Athlete is positive role model at age 82

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Here’s yet another story from the annals of preternaturally active older Americans: Bob Gralley, an 82-year-old resident of Oak Crest retirement community in Parkville, MD, recently completed the running portion of the Columbia Triathlon, which took place between Ellicott City and Columbia.

Gralley was a part of an Erickson Retirement Communities relay team that consisted of Executive Director Craig Erickson and Business Process Improvement Director Jen Tillman. Gralley set a record as the oldest person in the annual event.

“I did better than I thought I would do because it was a really hilly course,” said Gralley, who spoke to me on May 19, just a day after running the 10K (6.2 miles).

He ran the race in one hour and 10 minutes – not a personal best, he noted.

Maybe not for him, but Gralley’s time sure is impressive. In fact, his participation is also quite admirable. Not only is he rare to run the triathlon at his age, but he is exceptional for running one at all. It’s people like Gralley who make the rest us feel as sluggish as fries left sitting in day-old gravy.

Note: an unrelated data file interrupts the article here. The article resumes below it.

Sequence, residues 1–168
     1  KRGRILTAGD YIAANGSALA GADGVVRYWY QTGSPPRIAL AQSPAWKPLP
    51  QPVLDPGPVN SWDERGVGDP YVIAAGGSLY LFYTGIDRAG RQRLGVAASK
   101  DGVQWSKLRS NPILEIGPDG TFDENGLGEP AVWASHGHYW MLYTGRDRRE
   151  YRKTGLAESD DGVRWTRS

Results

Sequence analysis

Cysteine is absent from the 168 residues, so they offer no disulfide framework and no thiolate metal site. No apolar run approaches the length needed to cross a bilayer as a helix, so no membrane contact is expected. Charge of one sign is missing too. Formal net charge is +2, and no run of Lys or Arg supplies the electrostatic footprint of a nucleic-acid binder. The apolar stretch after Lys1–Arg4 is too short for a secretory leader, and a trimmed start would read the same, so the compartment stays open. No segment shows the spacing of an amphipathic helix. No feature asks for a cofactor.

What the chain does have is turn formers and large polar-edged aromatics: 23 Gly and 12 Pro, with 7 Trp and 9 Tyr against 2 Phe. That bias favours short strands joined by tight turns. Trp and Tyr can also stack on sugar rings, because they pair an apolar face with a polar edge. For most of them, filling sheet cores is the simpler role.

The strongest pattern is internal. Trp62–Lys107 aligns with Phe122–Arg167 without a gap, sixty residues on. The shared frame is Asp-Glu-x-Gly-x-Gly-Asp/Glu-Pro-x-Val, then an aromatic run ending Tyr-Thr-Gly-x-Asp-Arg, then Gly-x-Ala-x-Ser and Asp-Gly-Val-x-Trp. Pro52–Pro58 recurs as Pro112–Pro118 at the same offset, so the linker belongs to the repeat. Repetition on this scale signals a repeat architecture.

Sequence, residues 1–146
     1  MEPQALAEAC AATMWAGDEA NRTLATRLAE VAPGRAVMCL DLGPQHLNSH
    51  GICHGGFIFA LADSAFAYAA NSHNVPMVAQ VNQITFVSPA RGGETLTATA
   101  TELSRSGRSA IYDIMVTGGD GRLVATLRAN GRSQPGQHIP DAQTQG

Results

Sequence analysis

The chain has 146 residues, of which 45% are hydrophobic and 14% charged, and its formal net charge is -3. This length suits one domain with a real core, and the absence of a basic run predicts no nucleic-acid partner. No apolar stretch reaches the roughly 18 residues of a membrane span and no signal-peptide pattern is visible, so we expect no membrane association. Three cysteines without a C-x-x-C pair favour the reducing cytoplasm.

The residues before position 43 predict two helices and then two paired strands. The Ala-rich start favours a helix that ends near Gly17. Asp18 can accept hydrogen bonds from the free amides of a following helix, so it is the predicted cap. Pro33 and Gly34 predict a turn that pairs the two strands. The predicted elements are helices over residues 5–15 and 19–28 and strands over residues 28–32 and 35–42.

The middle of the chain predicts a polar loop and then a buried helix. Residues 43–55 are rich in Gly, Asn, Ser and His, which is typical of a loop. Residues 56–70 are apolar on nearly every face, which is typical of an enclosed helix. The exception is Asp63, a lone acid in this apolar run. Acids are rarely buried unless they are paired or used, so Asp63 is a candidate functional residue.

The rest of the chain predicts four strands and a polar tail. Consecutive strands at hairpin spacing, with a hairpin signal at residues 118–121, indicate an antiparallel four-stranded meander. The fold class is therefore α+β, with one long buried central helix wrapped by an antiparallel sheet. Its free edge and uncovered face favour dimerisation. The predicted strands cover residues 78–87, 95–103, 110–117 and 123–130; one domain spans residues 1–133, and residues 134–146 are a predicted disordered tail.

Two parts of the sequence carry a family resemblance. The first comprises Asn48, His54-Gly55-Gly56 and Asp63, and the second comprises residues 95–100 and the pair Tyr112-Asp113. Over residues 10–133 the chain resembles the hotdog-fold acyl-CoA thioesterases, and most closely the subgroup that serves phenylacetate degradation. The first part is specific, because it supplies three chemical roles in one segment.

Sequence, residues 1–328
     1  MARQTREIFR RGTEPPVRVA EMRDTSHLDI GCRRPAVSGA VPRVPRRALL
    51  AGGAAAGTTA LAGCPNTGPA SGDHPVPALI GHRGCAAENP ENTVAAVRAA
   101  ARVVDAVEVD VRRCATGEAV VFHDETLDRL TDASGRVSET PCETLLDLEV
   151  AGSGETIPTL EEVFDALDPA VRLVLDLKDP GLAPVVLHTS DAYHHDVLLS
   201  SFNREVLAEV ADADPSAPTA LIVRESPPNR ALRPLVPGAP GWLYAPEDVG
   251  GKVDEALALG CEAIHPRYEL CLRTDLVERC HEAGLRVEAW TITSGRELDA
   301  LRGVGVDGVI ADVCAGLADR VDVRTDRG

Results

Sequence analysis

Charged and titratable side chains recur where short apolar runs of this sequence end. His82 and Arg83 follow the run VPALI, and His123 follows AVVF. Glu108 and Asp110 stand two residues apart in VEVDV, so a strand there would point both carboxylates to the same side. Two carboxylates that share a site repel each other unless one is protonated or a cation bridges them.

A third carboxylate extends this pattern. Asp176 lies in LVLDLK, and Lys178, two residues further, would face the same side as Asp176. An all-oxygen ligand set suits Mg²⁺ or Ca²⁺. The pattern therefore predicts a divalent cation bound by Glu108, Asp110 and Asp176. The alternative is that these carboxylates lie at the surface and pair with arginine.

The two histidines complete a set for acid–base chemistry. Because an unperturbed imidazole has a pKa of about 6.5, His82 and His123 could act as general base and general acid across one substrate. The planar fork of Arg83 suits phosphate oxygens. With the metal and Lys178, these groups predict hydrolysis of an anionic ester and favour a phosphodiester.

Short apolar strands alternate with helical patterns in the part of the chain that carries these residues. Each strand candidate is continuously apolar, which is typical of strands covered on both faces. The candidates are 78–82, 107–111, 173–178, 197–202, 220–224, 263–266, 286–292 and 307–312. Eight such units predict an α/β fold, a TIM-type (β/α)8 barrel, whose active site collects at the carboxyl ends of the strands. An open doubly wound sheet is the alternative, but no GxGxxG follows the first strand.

Gralley is in good health for his age, he admits.

“I’ve been very fortunate in life,” he said. “I have had no problems that would halt me from exercising. I expect to continue as long as I can.”

He doesn’t show signs of slowing up. He runs the Baltimore Marathon each October with his son. While he ran the race fastest in his 50s, today he completes it in about five hours and 10 minutes. (Not too shabby, if you ask me.)

In case you were wondering about his exercise routine, he runs at about 9 or 10 a.m. at the Erickson community from Monday through Friday and bikes on Saturday. He runs about 20 miles every week.

Outside of running, Gralley leads a full life. He plays bridge with his wife. He also moderates a computer group and is involved in church activities. There are more than 100 clubs on the campus, he said.

“If you can’t find something to do it’s your fault,” said the father of three and grandfather of three.

His advice for staying in shape?

“I think you have to enjoy exercise to start with,” he said. “That’s the good part of it. You also have to realize the importance of it, especially as you get older. It keeps you in healthier condition and mentally healthier. It makes you feel better about yourself.”

Something for the rest of us to remember tonight as we sit in our La-Z-Boys reaching for the remote.
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McKnight's Daily Editors' Notes features commentary on the latest in long-term care news and issues. Entries are written by Editorial Director John O'Connor, Editor James M. Berklan, Senior Editor Elizabeth Newman and Staff Writer Emily Mongan.

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